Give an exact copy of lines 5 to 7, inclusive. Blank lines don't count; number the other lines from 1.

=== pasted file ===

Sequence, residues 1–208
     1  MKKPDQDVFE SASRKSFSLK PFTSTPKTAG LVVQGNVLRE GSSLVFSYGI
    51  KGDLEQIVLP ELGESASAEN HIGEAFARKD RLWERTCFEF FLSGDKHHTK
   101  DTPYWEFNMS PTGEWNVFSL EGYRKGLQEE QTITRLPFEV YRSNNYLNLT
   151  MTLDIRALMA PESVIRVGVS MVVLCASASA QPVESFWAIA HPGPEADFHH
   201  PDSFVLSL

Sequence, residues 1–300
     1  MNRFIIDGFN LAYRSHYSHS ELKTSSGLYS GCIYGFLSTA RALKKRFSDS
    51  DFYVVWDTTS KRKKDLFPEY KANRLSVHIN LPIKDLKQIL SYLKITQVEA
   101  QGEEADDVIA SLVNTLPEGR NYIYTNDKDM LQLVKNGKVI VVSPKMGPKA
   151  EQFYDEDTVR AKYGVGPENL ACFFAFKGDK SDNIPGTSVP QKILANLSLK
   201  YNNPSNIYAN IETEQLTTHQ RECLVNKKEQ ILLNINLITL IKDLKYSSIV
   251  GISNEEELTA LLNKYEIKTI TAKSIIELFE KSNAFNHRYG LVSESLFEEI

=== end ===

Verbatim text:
   151  MTLDIRALMA PESVIRVGVS MVVLCASASA QPVESFWAIA HPGPEADFHH
   201  PDSFVLSL

Sequence, residues 1–300